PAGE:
God Of War, One Month Later

God of War, as seen via the game’s post-release photo mode
God of War, as seen via the game’s post-release photo mode

The new God of War didn’t need downloadable content or multiplayer to remain interesting throughout its first month. It had patches, easter eggs and even a big social media controversy.

  • God of War came out on Friday, April 20, same day as Nintendo Labo, but reviews started running a week earlier. Many, including ours, were positive. Critics loved these new adventures of Kratos, the angry Spartan warrior and Greek god, as he now stomped, paddled and axe-swung his way through parts of Norse mythology.
  • For some, the enthusiasm for God of War was hard to control. Big gaming outlet IGN was so impressed with God of War that they made a joke on Instagram comparing PS4 having that game and Xbox having nothing. “Can you spot the difference?” whoever was writing copy for the outlet on social media asked. It is apparently offensive to needle Xbox like that, so thus followed a Tweet from a senior IGN editor describing the joke as “unprofessional and classless” and who apologized “to the Xbox team as well as the Xbox community”. Wow! Can’t joke about anything these days.
  • The glowing reception God of War got from critics may have surprised a lot of series fans, since the game had earned skepticism (read: attracted haters) during its preview cycle thanks to its many apparent deviations from the status quo: a switch to a behind-the-back camera, a focus on father-son bonding, the removal of the combo meter, a general sense that someone decided to make God of War more emotionally sophisticated and that maybe that was the wrong way to go. Nope, reviewers said it was an instant classic and players seemed to dig it, too.
  • The game’s glowing reception moved game director Cory Barlog to tears. His reaction was captured in a video he shot while checking on the game’s Metacritic score. He said he was proud of his team, but also noted that he wanted his son to see the video. “It has been important to us to let him know that it is OK to be sad,” he said. “It is OK to cry.” In discussing the game Barlog has talked a lot about how having emotions or showing weakness is a strength, a lesson Kratos and Atreus seem to learn from each other in the game.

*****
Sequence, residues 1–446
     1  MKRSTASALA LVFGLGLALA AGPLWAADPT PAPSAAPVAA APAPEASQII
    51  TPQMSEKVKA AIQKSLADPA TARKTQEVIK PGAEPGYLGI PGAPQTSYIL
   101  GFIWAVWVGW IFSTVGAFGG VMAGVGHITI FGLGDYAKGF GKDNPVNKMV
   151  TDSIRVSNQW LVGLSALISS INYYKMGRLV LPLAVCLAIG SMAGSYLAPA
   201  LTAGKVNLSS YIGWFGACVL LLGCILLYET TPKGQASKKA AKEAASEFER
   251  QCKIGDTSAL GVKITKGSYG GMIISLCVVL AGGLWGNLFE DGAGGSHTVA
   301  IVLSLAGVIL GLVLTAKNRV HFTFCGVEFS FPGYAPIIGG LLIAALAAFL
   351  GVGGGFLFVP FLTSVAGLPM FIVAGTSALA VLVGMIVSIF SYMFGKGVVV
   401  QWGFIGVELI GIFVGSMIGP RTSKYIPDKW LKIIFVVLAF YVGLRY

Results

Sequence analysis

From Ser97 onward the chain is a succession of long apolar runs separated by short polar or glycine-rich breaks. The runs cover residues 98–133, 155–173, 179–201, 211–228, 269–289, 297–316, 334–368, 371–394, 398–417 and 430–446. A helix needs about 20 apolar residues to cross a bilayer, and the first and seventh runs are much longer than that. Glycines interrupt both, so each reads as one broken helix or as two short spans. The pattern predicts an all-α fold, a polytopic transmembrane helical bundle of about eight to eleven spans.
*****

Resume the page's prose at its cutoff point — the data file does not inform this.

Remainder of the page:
• God of War players may not have teared up, but they probably squinted a lot. Somehow this game launched with very tiny on-screen text. Just two days after release, the developers patched the game to allow the text to be slightly bigger. They made the text bigger yet again with a patch in early May.
  • Players may have also started to expect some DLC that doesn’t seem to be coming. Sure, God of War’s central transport room depicts Asgardian realms that are suspiciously locked off. Sure, Sony often publishes epic games like Bloodborne or Horizon Zero Dawn in the early part of the year and then releases big expansions for them in the fall. But Barlog has said in many post-release interviews that his team worked hard for five years and has suggested that DLC isn’t coming. Near the end of the month, he told our Jason Schreier and Kirk Hamilton: “I made this game to be so that you bought it, you went home and played it, and you got the whole game. There’s not a plan, at all, in any of this, that I was going to deliver any DLC or anything like that, simply because I loved, as a kid, to get a game and play the whole game. And feel like I got everything.”
  • DLC or not, in its first 11 days of release, God of War was patched eight times. That had to be a record and was seemingly a sign of some sort of troubles, but all we could discern was that “various bug fixes and improvements” were needed quite a few times. Thankfully, the patches were small and would install into the game swiftly.
  • At some point, “Boy!” became a meme.
  • Just a week after the game’s release, players found a secret tied to an official cloth map. Players also found an apparent Thanos reference in the game. But Barlog has said that he hopes some of the secrets his team buried in this new God of War will take years to be found.
  • By early May, the game got a photo mode. Players used it to make Kratos look goofy.
  • Kratos voice actor Christopher Judge told some dad jokes. No apologies for these??
  • Sony boasted that the game was the fastest-selling PS4 exclusive ever.
  • Aside from that? People were playing the game and writing thoughtfully about it.

Not a bad first month!

Former Editor-in-Chief. Kotaku forever!



Should I get this? I like Norse mythologies (yay, Hellblade), and more adventure-themed games (HZD, etc). I played the first GoW and liked it ok (although it was way too similar to Rygar on PS2, which I had already played), and the macho Deathstalker attitude didn’t really appeal to me, but this one looks very different.